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Hume Misunderstood

September 11, 2011

Over the last few months, and via a few different sources, I’ve come to realise that a couple of philosophical positions that I’d thought were put forward by Hume weren’t. It’s a wonderful case of learning that there’s a lot that you don’t know. I thought I’d share the simplistic statements that I thought Hume put forward and then explain why it isn’t as simple as commonly assumed (at least I assume that other people assume these simple positions – they’re positions that are certainly echoed in discussions I’ve seen…).

The first problem is with the is-ought divide. It’s commonly assumed that Hume showed that is does not equal ought; that is, that just because some state of affairs exists does not mean that that state of affairs matches what ought to exist. What does Hume actually say? From A Treatise of Human Nature:

In every system of morality, which I have hitherto met with, I have always remarked, that the author proceeds for some time in the ordinary ways of reasoning, and establishes the being of a God, or makes observations concerning human affairs; when all of a sudden I am surprised to find, that instead of the usual copulations of propositions, is, and is not, I meet with no proposition that is not connected with an ought, or an ought not. This change is imperceptible; but is however, of the last consequence. For as this ought, or ought not, expresses some new relation or affirmation, ’tis necessary that it should be observed and explained; and at the same time that a reason should be given; for what seems altogether inconceivable, how this new relation can be a deduction from others, which are entirely different from it.

This does not say that is doesn’t imply ought. What it says is actually much more realistic and modest – if we want to go from an “is” to an “ought” then we have to say why this move is valid. Hume is just pointing out that he has not seen a system of morality that has done this. Indeed, it is a very easy shift to make without realising that justification is necessary. Why should you conform to my way of doing things? Because that’s how these things are done! Why should I give you any more reason? That’s (a very simplistic version of) the natural law of catholicism, probably the ultimate conflator of is and ought.

So, can is imply ought? I suspect that it can, but Hume teaches me that if I want to claim this then I have to be explicit in laying out exactly why I can make the connection.

The second problem is concerned with Hume on miracles. I’d always assumed that Hume argued that miracles don’t happen. Obviously I was mistaken. From Of Miracles in Enquiries concerning the Human Understanding:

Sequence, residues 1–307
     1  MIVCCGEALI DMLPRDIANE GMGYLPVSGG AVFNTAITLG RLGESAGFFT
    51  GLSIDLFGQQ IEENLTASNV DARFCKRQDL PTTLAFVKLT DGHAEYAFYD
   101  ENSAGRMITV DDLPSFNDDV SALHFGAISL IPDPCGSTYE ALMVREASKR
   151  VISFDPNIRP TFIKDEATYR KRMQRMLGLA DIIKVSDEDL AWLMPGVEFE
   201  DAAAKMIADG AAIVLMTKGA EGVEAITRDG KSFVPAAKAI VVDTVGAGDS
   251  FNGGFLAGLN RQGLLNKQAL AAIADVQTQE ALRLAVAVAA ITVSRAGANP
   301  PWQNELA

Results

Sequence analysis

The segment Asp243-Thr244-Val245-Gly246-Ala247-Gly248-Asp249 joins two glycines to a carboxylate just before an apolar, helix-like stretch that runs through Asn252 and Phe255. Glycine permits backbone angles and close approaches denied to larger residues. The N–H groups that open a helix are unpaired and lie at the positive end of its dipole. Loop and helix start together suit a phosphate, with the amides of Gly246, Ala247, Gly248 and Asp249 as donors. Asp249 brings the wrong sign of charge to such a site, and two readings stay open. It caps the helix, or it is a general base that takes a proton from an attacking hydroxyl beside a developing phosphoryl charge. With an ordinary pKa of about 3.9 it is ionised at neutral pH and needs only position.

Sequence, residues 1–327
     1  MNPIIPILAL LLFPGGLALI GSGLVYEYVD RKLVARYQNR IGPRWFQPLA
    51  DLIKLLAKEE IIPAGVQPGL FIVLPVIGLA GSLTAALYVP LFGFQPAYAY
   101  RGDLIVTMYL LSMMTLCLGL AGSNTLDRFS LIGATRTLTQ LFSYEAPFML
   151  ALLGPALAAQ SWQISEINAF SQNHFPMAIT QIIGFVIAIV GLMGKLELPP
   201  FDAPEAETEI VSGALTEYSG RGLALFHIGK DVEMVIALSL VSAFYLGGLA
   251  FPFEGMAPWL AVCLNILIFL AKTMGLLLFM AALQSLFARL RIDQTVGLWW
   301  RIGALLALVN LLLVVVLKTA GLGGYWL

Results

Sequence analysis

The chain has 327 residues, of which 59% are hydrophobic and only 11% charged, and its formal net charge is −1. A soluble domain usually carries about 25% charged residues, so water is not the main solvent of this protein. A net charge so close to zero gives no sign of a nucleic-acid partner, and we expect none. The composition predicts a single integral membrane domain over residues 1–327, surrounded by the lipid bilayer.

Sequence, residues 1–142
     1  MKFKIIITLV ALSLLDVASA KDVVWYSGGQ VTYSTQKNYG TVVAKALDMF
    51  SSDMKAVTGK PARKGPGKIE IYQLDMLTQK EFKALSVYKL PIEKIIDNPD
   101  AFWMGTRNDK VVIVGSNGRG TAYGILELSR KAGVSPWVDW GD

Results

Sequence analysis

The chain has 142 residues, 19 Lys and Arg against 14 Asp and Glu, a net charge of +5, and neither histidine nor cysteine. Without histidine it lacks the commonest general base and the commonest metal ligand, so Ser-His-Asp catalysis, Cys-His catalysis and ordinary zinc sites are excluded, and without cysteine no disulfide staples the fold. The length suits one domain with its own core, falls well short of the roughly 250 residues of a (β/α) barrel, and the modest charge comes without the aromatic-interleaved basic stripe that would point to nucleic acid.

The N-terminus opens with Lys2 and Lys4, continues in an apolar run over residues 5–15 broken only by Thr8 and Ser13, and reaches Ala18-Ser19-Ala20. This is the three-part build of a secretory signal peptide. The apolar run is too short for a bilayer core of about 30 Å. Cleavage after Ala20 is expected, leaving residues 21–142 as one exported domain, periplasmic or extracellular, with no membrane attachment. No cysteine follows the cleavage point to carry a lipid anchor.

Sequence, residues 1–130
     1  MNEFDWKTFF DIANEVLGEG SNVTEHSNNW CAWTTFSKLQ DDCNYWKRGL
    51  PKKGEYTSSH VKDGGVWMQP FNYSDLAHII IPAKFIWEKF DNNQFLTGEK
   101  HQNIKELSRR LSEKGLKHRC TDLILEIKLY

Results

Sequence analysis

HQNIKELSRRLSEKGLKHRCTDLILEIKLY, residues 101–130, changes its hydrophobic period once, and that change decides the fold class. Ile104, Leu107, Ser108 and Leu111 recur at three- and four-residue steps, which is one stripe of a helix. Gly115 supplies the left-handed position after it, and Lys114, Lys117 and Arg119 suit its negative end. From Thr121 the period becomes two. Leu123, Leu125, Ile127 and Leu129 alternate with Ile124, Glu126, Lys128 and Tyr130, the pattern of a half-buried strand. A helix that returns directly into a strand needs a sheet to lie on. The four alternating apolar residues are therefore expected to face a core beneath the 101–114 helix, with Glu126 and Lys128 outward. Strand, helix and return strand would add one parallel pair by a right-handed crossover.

The plain consequence is “That no testimony is sufficient to establish a miracle, unless the testimony be of such a kind, that its falsity would be more miraculous, than the fact, which it endeavors to establish; and even in that case there is a mutual destruction of arguments, and the superior only gives us an assurance suitable to that degree of force, which remains, after deducting the inferior”

This is the central claim of the piece, that it would take some extraordinary testimony or evidence to “establish a miracle”, evidence that shifts the balance or probability in favour of acceptance of the occurrence of a miracle (in line, one supposes, with the evidentialism principle).

Meanwhile in the rest of On Miracles, Hume has argued that no testimony can shift probabilities enough to accept the occurrence of a miracle. Miracle stories conflict with each other, they do no appear in settings where suitable people can witness and evaluate them in a “scientific” setting, they always seem to support some pre-existing ruth claims, and importantly we know that the human mind is weak and prone to self-deception and belief in “unbelievable” claims. Hume argues that these considerations should make us realise that we are never in a position to rationally believe in miracles.

It is therefore an epistemic arguments. Hume does not say that miracles are impossible (through being incoherent) or that they don’t happen. It’s just that if they do happen we are never in a position to have knowledge of their occurrence. It just isn’t rational.

Both the problems in my prior understanding are great counterexamples to claims to intellectual arrogance or epistemic certainty that are often made about the enlightenment philosophers and todays new atheists. Is there a more modest position than saying that you should explain subtle shifts from is to ought? Is there a more modest position than saying that we should withhold belief in epistemically weak statements? I don’t think so, and Hume thus shows that it isn’t rational thinking people who need to develop a sense of modesty.

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